A wood-burning masonry cookstoveApril 26th, 2014. Post by Quinta do Vale
Ach! Where does the time go? I’m so hopelessly behind with blog posts and there are now so many pending I scarcely know where to start. I just checked the last post I made about the outdoor kitchen for the wee house and it was a year ago!
Alongside the cob bread/pizza oven I built last spring (and which is now producing fabulous food), I also constructed a wood-burning masonry cookstove. I found an open source Sketchup model online and adapted it for Portuguese fire brick dimensions.
Here is how the stove was built …
The firebricks were mortared with a thin layer of fireclay and fine sand. As with the cob oven, I set the firebrick base into a clay/sand mortar on a bed of levelled sand. Since there is an air channel running beneath the firebox of this stove into the back of the firebox and on into the chimney, there’s no need to insulate beneath the base of the stove.
I particularly like the design of this stove for the way it channels the combustion gases from the firebox forwards and up, then forces them into a laminar flow beneath the cooking surface back towards the chimney. This makes for a nice gradation of temperature from a good fast boil over the firebox to a rolling simmer at the back.
Some of the cuts in the firebrick were a bit tricky to do freehand, but inaccuracies were compensated for with the fireclay mortar when the stove was put together. A jig would improve matters no end. Or a chopsaw …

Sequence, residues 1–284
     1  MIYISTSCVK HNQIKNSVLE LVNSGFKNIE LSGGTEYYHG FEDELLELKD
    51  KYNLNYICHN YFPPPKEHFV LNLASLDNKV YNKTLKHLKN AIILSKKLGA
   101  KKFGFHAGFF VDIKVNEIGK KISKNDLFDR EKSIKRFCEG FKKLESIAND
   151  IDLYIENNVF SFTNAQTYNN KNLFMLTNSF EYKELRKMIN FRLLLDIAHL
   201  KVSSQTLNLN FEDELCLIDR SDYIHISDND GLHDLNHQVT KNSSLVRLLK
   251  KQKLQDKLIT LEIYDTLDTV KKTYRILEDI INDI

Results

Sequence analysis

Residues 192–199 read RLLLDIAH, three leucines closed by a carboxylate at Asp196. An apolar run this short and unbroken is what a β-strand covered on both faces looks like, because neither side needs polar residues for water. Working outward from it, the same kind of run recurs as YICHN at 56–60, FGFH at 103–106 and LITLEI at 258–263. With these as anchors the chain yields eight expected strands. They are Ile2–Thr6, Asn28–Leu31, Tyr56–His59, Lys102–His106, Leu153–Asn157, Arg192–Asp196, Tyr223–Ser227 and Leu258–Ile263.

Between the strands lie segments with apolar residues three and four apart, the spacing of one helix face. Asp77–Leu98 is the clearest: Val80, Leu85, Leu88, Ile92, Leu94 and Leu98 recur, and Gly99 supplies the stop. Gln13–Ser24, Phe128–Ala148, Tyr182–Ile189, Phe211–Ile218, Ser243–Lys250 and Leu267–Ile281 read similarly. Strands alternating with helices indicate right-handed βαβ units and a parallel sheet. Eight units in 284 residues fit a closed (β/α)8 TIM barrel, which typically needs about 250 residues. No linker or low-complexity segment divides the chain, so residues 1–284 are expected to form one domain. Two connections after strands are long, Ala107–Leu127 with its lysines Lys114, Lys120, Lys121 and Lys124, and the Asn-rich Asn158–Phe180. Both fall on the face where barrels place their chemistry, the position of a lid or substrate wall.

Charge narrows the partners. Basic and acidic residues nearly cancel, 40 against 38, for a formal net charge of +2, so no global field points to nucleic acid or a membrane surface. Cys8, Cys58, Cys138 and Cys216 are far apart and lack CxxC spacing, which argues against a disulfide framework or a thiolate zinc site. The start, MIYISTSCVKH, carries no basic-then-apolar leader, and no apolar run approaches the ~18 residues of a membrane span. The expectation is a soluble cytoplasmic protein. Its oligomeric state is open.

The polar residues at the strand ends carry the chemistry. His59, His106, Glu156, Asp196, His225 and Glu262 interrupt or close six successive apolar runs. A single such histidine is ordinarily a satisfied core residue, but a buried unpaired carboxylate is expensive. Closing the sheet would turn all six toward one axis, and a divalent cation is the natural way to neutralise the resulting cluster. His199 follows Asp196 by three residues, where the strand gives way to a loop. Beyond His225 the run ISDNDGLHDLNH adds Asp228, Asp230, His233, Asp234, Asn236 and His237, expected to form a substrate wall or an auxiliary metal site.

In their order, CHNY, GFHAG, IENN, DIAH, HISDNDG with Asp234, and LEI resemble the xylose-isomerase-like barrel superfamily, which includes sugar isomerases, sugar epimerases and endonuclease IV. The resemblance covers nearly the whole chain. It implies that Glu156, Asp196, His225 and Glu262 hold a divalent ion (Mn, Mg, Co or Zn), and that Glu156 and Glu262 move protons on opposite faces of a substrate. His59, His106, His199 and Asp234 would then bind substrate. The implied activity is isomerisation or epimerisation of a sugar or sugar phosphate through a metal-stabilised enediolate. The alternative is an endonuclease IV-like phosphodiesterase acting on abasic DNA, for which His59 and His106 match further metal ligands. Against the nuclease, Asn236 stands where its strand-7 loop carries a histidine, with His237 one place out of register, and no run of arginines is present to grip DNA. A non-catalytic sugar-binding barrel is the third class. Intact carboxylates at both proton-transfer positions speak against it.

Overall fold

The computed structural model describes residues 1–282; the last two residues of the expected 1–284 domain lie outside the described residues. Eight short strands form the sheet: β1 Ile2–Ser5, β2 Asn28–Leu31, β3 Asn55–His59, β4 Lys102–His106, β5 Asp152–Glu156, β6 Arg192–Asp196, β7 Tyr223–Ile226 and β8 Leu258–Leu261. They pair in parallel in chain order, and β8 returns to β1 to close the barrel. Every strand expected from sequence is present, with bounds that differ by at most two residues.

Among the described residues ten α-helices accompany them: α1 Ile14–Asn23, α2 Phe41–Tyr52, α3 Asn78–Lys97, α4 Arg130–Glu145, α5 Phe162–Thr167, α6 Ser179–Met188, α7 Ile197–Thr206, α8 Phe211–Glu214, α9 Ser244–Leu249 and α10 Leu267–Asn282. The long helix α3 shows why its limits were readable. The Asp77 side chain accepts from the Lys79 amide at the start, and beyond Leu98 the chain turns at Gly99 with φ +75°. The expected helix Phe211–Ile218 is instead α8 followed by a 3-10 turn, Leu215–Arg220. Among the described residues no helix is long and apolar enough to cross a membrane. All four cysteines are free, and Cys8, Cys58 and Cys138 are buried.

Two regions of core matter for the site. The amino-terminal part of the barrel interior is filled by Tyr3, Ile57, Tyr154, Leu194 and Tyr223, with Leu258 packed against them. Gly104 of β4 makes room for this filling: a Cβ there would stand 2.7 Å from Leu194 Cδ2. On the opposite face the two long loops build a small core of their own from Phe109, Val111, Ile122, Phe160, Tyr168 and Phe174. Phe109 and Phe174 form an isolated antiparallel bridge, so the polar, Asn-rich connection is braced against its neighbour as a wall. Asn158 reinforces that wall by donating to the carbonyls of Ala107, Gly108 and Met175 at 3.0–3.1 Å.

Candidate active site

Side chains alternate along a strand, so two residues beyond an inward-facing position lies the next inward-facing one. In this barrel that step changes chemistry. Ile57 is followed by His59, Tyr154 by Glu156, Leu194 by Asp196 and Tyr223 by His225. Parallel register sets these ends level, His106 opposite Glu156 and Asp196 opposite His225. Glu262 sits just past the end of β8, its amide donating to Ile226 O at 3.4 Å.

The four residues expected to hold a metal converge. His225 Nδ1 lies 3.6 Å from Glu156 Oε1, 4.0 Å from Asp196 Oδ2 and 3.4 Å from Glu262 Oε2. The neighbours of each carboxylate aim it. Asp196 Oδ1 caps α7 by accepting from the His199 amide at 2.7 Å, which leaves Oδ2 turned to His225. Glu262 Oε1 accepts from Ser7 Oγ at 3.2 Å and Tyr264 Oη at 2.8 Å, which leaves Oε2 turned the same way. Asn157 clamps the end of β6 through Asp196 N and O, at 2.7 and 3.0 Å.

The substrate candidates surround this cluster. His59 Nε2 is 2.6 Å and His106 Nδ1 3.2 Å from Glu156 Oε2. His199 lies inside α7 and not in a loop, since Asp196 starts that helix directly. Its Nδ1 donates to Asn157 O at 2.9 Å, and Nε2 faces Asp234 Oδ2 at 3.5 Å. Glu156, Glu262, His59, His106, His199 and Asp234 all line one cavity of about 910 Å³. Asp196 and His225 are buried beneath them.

To keep the fire efficient, a mix of sawdust and clay slip was used (just as in the cob oven) for insulation on either side.
On the left side of the stove, I left a gap in the insulation so heat can transfer through a clay/sand mix into a circular chamber created in the work surface. This will be used as an insulated ‘hay box’ for slow-cooking soups and stews and will save on firewood for long cooking times. It can also be used for dishes brought to the boil on a solar cooker in summer.
I started off with a ceramic tile for a cook top. I was given a couple of floor tile seconds by one of the local builders merchants. I figured that the firing temperatures of these tiles meant they ought to withstand the cooking temperatures of a wood fire and it was worth a try since they didn’t cost anything.
What I’d failed to think about, of course, is the low thermal conductivity of clay and sand. This means that the heat from the fire is slow to spread through the rest of the tile, particularly the edges resting on the firebrick, and the stresses set up in the tile from the extreme temperature variations are too much for it to stay in one piece. The first tile broke in short order. The second one I tried using a thick bead of high temperature silicone to support just the very edges of the tile and allow combustion gases to get into the gap between the tile and the firebricks. It wasn’t enough. This was the result.
I found the cast iron doors for the stove on eBay. They were almost exactly the right size. Some further work with the angle grinder was needed to get them to fit, particularly to the bricks across the top front of the stove, so for added stability we drilled into these and used lengths of rebar as ‘dowels’ to hold them together.
I later discovered that the fire doors are widely available in Poland, where they’re manufactured.
Finally, the completed cooking area of the wee house outdoor kitchen! A 100mm stainless steel flue pipe takes the flue gases from the stove out behind the roof.
And the stove in use. I’m very pleased with its performance: it draws well, comes up to temperature rapidly, keeps a good steady heat and cooks well.